Last year, 2011 was an excellent year for Brittany Henry. At 24 years of age, she was still alive. And well enough to graduate from the University of Western Ontario, with a specialization in Family Studies. And receive her coveted diploma in person, ready to pursue her dream job of working with hospital patients. All this, 10 years after her life-altering double lung transplant.
Brittany suffered from cystic fibrosis, a chronic and progressive disease in which mucous builds up, clog passages and results in lung infections. There is no cure. She received her lung transplant at the age of 14 from Dr. Shaf Keshavjee, Surgeon-in-Chief at UHN and pioneering lung transplant surgeon-scientist.
“The second I woke up form surgery, I forgot what it was like to have cystic fibrosis in my lungs,” says Brittany. “I didn’t remember the coughing fits, the difficulty in breathing and the lack of energy. For the first time, I felt good.” Brittany had been on oxygen day and night, and was in a wheelchair for two years before her transplant.
Dr. Keshavjee noted that about a couple of decades ago, the likelihood that a child with cystic fibrosis would live until his or her 18th birthday was slim, but that transplantation has changed this reality. He also pointed out that in 1988, Toronto General Hospital (TGH) was the first hospital in the world to successfully transplant the lungs of a patient with cystic fibrosis, and the first hospital in 1986 to successfully perform a double lung transplant.
Advances in organ preservation and repair techniques, suppression of the immune system and the long-term monitoring and care of lung transplant recipients help account for improved survival rates and more transplants, said Dr. Keshavjee. He explained that in the 1980s, transplantation was a high-risk operation, and patients were given an estimate of 50 per cent as a chance of dying from the surgery. At TGH, that number has been reduced to six per cent deaths of lung transplant patients during surgery. TGH performs about 100 lung transplants a year, making it one of the largest programs in the world.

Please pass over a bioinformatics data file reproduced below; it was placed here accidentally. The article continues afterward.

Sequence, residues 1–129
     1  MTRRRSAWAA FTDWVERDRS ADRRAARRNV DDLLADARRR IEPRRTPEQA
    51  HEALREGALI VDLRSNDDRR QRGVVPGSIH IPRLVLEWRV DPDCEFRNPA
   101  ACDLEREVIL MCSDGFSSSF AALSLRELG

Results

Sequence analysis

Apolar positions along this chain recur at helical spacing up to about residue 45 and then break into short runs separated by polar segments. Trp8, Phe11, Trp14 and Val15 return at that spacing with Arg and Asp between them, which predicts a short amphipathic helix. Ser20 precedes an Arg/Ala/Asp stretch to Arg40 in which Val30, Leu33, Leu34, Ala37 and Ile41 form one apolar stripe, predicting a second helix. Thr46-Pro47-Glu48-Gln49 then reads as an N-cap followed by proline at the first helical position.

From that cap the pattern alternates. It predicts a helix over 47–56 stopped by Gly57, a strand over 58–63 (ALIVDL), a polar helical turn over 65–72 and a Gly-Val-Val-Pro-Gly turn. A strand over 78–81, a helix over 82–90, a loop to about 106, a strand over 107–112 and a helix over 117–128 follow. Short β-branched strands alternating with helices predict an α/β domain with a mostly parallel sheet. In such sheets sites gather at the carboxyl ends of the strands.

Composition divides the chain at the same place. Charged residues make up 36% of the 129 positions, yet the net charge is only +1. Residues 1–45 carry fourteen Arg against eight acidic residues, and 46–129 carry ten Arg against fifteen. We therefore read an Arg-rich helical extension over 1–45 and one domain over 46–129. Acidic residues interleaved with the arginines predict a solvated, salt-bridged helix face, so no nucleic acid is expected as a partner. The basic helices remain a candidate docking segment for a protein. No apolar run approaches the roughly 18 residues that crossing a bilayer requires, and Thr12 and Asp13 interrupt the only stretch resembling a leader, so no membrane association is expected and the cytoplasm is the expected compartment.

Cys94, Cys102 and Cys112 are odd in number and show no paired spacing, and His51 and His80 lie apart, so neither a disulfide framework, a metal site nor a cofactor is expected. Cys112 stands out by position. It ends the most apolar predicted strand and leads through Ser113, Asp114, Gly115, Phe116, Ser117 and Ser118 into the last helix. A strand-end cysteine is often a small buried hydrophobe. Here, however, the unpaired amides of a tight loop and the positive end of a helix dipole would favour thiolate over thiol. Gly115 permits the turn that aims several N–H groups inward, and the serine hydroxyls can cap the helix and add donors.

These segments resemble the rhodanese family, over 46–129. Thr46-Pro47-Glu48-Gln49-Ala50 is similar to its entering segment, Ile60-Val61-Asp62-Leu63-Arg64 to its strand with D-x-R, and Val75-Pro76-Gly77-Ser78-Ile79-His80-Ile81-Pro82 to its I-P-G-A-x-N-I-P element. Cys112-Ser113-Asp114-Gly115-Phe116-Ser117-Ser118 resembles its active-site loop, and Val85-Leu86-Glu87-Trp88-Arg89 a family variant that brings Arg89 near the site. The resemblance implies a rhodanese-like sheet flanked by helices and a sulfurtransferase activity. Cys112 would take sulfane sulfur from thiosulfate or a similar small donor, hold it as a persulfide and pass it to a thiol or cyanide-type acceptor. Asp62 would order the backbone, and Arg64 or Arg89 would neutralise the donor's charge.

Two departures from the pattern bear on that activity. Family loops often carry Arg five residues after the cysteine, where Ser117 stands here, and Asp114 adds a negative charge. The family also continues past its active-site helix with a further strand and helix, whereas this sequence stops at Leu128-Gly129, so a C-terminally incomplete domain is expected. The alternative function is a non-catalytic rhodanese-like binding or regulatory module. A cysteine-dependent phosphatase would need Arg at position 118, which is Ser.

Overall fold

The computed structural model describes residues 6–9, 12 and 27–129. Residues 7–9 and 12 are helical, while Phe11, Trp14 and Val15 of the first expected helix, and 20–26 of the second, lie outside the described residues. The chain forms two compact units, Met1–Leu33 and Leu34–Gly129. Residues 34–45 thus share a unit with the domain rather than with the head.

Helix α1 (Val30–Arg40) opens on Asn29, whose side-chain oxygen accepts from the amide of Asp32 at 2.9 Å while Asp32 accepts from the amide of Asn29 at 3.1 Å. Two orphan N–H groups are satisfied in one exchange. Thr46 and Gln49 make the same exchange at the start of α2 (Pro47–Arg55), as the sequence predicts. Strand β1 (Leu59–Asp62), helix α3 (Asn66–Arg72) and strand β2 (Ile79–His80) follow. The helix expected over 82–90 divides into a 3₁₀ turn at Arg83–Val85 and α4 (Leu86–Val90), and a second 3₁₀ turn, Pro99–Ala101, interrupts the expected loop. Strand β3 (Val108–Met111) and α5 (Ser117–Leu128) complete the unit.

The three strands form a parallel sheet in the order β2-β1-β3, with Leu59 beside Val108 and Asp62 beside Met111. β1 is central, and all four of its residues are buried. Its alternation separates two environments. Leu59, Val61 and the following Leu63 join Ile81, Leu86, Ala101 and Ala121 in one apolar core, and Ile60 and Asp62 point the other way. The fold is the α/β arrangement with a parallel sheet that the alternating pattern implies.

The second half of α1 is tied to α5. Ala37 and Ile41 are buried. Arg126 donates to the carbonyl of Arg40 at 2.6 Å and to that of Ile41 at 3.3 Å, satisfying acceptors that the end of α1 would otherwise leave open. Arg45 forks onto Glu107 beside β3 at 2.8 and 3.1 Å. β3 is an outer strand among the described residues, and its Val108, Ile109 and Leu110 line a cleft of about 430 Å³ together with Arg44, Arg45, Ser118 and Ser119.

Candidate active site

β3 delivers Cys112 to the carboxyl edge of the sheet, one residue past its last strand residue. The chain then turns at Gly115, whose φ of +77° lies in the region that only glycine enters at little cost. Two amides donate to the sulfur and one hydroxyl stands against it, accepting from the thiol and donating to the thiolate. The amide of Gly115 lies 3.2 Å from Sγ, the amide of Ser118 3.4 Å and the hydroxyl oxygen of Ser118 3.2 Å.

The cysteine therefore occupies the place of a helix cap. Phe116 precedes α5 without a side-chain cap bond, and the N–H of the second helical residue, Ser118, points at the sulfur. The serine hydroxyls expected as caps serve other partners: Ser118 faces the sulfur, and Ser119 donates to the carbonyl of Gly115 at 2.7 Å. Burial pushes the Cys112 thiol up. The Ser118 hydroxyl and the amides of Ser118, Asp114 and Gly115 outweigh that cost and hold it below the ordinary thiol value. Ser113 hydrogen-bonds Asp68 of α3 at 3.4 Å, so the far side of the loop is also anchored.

A 2008 study by the Canadian Institute for Health Information found that transplant survival rates have improved, and that more young people with cystic fibrosis are benefitting from the procedure. About a third of all lung transplants are people with cystic fibrosis. The study also noted that the three-year survival rate of lung transplant patients increased from 60 per cent in 1997 to 80 per cent in 2003. At 10 years, about 40 per cent of all cystic fibrosis patients who underwent a transplant are still alive.
“Now the focus on outcomes from transplantation is not just survival – and it is fantastic that more patients are alive! – but it’s that recipients are getting back to meaningful and productive lives,” says Dr. Keshavjee.
Life is indeed looking up for Brittany. “Life is good,” she smiled, adding that, “Hey, I made it 10 years after transplant. I’m no longer the sick kid.”